Above the aiga, Samoan life is ruled by a hierarchy of matais known in English as high-talking chiefs, high chiefs, and paramount chiefs, in ascending order of importance. The high-talking chiefs do just that: talk on behalf of the high chiefs, usually expressing themselves in great oratorical flourishes in a formal version of Samoan reserved for use among the chiefs. The high chiefs are senior matais at the village or district level, and the paramount chiefs can rule over island groups. The chiefly symbol, worn over the shoulder, is a short broom that resembles a horse's tail.


Missionaries & Ministers

Like other Polynesians, the Samoans in pre-European days worshipped a hierarchy of gods under one supreme being, whom they called Le Tagaloa. When the Rev. John Williams arrived in 1830, he found the Samoans willing to convert to the Christian God. He and his Tahitian teachers brought a strict, puritanical version of Christianity. About a third of all Samoans are members of the Congregational Christian Church, which he founded. His legacy can be seen both in the large white churches that dominate every settlement in all the Samoa Islands and in the fervor with which the Samoans practice religion today. Independent Samoa almost closes down on Sunday, and things come to a crawl on the Sabbath even in more Westernized American Samoa. Swimming on Sunday is tolerated in both countries only at the hotels and, after church, at beaches frequented by overseas visitors.

Christianity has become an integral part of fa'a Samoa, and every day at 6:30pm each village observes sa, 10 minutes of devotional time during which everyone goes inside to pray, read Scripture, and perhaps sing hymns. A gong (such as an empty acetylene tank hung from a tree) is struck once to announce it's time to get ready, a second time to announce the beginning of sa, and a third time to announce that all's clear. It is permissible to drive on the main road during sa, but it's not all right to turn off into a village or to walk around.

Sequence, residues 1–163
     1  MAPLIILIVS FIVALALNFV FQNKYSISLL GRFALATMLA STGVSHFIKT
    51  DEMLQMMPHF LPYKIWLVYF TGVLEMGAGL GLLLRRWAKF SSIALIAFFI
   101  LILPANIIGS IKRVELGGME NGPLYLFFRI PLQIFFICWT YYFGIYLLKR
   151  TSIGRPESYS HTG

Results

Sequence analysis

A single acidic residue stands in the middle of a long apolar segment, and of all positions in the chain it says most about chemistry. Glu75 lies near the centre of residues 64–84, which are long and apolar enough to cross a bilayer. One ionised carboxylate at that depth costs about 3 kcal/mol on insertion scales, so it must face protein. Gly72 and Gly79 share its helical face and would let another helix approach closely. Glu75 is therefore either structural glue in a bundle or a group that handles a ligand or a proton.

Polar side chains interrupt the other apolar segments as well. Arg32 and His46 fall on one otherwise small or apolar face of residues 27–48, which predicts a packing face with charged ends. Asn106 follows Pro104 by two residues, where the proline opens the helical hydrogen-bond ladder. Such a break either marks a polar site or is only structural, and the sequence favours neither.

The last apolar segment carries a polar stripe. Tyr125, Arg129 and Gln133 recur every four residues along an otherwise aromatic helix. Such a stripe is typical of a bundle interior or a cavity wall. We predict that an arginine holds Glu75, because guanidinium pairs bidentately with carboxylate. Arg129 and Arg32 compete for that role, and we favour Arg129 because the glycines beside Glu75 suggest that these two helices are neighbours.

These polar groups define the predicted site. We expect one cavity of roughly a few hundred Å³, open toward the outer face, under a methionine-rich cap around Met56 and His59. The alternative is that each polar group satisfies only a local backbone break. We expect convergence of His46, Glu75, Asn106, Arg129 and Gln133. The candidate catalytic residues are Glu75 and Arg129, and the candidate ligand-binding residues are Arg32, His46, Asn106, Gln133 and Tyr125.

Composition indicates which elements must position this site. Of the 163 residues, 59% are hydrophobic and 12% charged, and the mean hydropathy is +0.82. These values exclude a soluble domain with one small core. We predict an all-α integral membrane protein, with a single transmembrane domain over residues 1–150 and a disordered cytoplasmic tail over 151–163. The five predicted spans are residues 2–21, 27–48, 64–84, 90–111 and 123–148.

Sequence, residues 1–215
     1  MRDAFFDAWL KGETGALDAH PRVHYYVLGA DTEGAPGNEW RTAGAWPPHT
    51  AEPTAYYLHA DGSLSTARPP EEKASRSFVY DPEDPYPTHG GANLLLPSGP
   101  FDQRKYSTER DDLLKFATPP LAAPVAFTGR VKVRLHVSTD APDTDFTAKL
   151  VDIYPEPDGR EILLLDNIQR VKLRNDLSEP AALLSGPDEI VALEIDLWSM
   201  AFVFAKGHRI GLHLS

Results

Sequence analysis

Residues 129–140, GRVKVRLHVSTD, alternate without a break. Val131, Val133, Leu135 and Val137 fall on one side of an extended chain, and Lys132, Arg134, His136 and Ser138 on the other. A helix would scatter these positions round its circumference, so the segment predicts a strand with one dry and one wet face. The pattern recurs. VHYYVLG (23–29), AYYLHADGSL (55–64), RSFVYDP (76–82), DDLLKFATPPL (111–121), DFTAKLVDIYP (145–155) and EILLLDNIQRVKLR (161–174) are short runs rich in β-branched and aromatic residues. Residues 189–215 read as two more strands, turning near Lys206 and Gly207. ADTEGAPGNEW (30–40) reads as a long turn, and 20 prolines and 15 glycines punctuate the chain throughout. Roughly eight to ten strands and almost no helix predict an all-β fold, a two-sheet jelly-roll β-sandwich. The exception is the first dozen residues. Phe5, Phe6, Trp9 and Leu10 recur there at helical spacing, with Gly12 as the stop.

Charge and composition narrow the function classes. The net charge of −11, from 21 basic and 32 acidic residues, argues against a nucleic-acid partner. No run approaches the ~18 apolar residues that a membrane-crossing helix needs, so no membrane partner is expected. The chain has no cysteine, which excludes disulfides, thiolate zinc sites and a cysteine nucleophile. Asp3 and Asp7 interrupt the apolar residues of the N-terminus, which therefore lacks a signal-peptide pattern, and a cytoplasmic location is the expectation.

Wonderful Harmony -- When I first came to American Samoa in 1977, I lived for 2 months in Nu'uli village on Tuituila. Every Sunday, my girlfriend and I were treated to Samoans singing hymns in wonderful harmony in the village church. Even if you don't understand the sermon, going to church here is a rewarding experience.

Miss Mead Studies Samoan Sex

Despite their ready acceptance of much of the missionaries' teaching, the Samoans no more took to heart their puritanical sexual mores than did any other group of Polynesians. In 1928, Margaret Mead, then a graduate student in anthropology, published her famous Coming of Age in Samoa, which was based on her research in American Samoa. She described the Samoans as a peaceable people who showed no guilt in connection with ample sex during adolescence, a view that was in keeping with practices of Polynesian societies elsewhere. Some 55 years later, New Zealand anthropologist Derek Freeman published Margaret Mead and Samoa: The Making and Unmaking of an Anthropological Myth, in which he took issue with Mead's conclusions and argued instead that Samoans are jealous, violent, and not above committing rape. The truth may lie somewhere in between.


The Samoans share with other Polynesians the practice of raising some boys as girls, especially in families short of household help. These young boys dress as girls, do a girl's chores around the home, and often grow up to be transvestites. They are known in Samoan as fa'afafines.